Floater fishing is not some magic art, although there are some anglers who do make it look easy.
And there are some, notably floater fishing maestro Pete Springate, who catch carp on floating baits on days (even mid-winter) when other anglers would not dream of trying to catch on the surface.
1. Try dog biscuit imitations
Of course, before floater fishing you should check it’s allowed on the water you intend to fish. Not all venues allow floating baits.
These hints are all worth considering – good luck with your floater fishing this year!
Enterprise Tackle Imitation Dog Biscuits sit beautifully in the water.
Featuring a tapered shape and counter-balance shot, fish them on a hair-rig but nick the hook through the top for the perfect presentation.
They also come with a foam insert which can be flavoured for added attraction.
2. The right hook link
When it comes to hooklength, the choice will be determined by the venue and the size of fish. If it’s snaggy and the carp are big, try a floating braid.
But if it’s clear of snags and the fish aren’t huge, a mono link of say 6 lb will encourage bites. Some modern hooklengths are designed to give strength and a fine diameter.
3. Lighter hooks
Use the lightest hook you can get away with. Presentation is everything.
This especially important on hard-fished waters, and anything too heavy will make the hookbait behave unnaturally and you’ll never get a bite.
Don’t use a size 4 or 6 boilie hook for mixers - surface fishing often requires finesse. Try a size 10, 12 0r even a 14.
4. Crucial crusts
Breadcrust is one of the all-time great surface baits but it’s all about picking the right bread. Go for a freshly-baked loaf as opposed to one that’s pre-sliced.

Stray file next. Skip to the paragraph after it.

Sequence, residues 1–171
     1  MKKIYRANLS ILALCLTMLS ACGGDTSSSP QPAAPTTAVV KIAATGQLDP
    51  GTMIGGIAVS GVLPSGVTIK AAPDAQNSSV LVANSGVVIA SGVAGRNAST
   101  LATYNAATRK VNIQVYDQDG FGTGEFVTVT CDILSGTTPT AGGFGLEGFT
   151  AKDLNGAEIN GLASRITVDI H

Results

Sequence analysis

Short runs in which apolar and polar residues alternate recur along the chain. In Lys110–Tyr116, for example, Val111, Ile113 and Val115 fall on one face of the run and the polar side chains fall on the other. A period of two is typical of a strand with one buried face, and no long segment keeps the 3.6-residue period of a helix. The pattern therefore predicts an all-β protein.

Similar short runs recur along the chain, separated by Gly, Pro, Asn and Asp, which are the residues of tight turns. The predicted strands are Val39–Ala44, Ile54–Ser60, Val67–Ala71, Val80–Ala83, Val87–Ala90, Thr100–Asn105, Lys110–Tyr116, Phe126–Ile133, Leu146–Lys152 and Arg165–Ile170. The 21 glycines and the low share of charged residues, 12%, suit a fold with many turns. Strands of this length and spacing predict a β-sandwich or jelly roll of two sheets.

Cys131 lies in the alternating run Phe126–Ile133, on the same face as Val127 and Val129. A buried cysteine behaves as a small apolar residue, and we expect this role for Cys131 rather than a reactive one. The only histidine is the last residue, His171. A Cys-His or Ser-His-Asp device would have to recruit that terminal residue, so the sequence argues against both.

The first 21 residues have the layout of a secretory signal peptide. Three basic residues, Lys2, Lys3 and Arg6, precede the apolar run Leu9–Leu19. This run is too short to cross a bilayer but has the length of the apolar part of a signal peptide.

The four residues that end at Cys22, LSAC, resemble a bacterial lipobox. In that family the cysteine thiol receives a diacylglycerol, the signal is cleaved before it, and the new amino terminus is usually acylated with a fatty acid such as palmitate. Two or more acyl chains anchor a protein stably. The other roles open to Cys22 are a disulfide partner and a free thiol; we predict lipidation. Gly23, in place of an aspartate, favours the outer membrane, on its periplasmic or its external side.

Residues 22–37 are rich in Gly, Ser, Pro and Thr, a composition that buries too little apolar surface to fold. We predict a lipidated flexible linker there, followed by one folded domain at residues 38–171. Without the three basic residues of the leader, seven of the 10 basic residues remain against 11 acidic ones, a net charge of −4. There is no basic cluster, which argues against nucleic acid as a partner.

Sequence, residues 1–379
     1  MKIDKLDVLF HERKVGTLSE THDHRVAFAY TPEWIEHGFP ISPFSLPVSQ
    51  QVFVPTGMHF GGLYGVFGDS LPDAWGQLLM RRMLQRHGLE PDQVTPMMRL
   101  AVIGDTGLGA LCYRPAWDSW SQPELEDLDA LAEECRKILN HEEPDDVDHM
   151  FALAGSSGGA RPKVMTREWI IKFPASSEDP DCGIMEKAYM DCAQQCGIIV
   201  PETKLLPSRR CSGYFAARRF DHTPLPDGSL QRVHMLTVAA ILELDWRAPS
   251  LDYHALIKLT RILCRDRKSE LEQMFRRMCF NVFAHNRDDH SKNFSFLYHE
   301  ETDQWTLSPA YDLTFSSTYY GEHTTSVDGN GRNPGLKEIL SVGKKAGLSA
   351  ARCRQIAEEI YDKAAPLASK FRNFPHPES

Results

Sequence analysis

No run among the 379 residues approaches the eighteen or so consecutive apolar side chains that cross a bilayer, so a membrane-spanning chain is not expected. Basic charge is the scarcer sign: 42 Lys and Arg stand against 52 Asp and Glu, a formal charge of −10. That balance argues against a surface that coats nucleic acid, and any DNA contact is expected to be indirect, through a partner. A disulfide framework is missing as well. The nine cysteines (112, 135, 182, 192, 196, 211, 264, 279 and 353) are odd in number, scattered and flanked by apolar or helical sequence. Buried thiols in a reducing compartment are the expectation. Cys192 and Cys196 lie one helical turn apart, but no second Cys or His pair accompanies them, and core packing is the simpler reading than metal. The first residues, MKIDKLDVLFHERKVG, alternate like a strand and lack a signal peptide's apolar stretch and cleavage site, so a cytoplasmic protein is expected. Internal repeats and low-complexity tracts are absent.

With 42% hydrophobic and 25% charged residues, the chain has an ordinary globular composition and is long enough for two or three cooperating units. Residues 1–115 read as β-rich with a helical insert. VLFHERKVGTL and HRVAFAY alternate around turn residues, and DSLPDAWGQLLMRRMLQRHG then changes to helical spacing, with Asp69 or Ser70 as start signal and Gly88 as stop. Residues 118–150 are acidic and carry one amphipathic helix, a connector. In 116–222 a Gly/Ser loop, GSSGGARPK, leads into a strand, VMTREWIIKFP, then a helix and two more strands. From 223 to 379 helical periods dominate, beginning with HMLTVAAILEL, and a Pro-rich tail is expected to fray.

When it comes to the size of hookbait, don’t be shy. With big pieces of bread you can use a bigger hook as it will be disguised in the bait.
Use a large square and mount on a size 6 or 4 this way it will stay on the hook….contrary to the norm of trying to use smaller hooks!
5. Faking it
The main negative to using crust are birds. Overcome this by using fake bread instead of the real stuff. It has the added bonus of never coming off the hook.
6. Alternative floater fishing baits
Don’t ignore cat biscuits. They not only come in all types of different sizes, they are often smellier, and more oily, than dog biscuits.
It might sound slightly strange, but certain particles can work as surface baits. Sunflower seeds have been known to work brilliantly on hard-fished waters.
But do prepare them properly by leaving them to soak in water for 12 hours prior to use.
7. Controller size
When it comes to picking a controller float, it all depends on distance. If you’re fishing at short to medium range a bubble float will do the job. But if you’re trying to reach fish further out then a heavier version is better.
8. Feeding issues
If you’re struggling to feed floaters at range, try attaching a PVA bag of biscuits to your hookbait – that way you’ll ensure free offerings in the area. Better still, use a Spomb.
9. DIY floater fishing solution
One clever trick is to dispense with a shop-bought controller altogether and use a piece of twig or cut-down tree branch.
Obviously you won’t be able to cast it far, but in terms of camouflage, it takes some beating. Simply wrap an elastic band around it and trap your line underneath.
10. Easier to spot
If you’re fishing at range, try the Enterprise Tackle Mini Mixers (pictured right).
These come supplied with a sight tip in either fluoro yellow or pink. These sit on top of the biscuit and can be seen from long distance.
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